Radical of an ideal

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in a commutative associative ring

The set of all elements some power of which is contained in . This set is denoted by . It is an ideal in ; moreover, and .

A generalization of this idea is that of the radical of a submodule. Let be a module over and let be a submodule of . The radical of the submodule is the set of all elements such that for some integer (in general, depending on ). The radical of a submodule is an ideal in .


Consider the quotient ring and the natural quotient homomorphism . The radical of is the inverse image of the nil radical (cf. Nil ideal) of .

Radical ideal is the phrase sometimes used to denote an ideal that is equal to its radical.

Let be an algebraically closed field. To each ideal one associates the algebraic set , . The Hilbert Nullstellensatz says that . Thus there is in this setting a bijective correspondence between radical ideals and algebraic sets.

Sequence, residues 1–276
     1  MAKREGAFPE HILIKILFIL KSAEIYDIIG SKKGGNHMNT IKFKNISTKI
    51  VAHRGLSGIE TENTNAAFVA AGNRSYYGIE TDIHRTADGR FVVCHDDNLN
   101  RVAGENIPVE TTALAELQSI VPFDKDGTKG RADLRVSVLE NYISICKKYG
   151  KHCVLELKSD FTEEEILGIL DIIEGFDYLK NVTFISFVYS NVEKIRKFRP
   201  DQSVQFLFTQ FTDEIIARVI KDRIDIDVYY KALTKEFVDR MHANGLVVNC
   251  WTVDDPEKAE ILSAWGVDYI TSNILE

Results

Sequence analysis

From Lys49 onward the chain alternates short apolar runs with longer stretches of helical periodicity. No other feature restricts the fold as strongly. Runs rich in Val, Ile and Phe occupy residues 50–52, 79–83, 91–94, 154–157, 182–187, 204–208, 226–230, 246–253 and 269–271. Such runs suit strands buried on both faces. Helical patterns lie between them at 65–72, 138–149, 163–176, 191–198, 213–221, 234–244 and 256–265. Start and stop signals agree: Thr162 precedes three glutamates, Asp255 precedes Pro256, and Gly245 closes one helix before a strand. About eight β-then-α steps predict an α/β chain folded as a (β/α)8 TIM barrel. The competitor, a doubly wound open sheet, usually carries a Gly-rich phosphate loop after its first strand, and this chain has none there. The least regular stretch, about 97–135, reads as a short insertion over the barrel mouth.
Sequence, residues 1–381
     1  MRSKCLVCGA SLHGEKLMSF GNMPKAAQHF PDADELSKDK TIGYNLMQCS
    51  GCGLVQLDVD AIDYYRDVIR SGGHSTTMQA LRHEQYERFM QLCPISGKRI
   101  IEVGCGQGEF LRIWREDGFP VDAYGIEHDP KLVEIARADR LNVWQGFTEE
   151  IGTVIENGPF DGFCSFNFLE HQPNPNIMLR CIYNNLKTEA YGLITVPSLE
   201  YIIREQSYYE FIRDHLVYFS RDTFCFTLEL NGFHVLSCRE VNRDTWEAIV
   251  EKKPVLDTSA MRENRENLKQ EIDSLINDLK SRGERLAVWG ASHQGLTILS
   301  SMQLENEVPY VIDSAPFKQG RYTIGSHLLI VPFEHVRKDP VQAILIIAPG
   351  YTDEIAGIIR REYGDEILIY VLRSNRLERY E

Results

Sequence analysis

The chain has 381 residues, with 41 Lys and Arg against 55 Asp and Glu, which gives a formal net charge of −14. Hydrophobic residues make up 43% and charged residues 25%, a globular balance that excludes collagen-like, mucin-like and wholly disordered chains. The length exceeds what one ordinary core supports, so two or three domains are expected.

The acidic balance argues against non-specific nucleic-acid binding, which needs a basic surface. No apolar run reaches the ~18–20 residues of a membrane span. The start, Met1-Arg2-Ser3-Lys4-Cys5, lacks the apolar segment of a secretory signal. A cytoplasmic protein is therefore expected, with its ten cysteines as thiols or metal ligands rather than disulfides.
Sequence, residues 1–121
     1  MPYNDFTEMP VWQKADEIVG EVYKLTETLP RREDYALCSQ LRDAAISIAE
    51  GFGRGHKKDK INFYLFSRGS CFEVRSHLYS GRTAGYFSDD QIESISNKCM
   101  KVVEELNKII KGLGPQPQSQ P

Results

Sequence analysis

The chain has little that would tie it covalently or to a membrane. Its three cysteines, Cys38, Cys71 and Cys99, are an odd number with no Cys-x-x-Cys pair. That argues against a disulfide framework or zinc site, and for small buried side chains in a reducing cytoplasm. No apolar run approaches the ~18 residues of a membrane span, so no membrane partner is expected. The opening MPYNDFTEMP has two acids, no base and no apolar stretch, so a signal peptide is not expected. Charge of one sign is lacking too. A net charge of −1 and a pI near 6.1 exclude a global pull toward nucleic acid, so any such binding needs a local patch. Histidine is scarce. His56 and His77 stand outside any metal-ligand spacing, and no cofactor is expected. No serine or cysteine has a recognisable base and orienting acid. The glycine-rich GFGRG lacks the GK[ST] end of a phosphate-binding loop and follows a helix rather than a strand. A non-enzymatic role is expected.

In the setting of affine schemes (cf. Affine scheme) this takes the following form. To each ideal one associates the closed subspace . Conversely, to each closed subspace one associates the ideal . Then again because is the intersection of all prime ideals containing , and, again, and set up a bijective correspondence between radical ideals and closed subsets of . The difference with the setting of the Nullstellensatz is that in that case only prime ideals of the form are considered.


[a1] P.M. Cohn, "Algebra" , II , Wiley (1977) pp. Sects. 11.2, 11.10
[a2] A. Grothendieck, "Eléments de géométrie algébrique. I: Le language des schémas" Publ. Math. IHES , 20 (1960) pp. 80
How to Cite This Entry:
Radical of an ideal. O.A. Ivanova (originator), Encyclopedia of Mathematics. URL:
This text originally appeared in Encyclopedia of Mathematics - ISBN 1402006098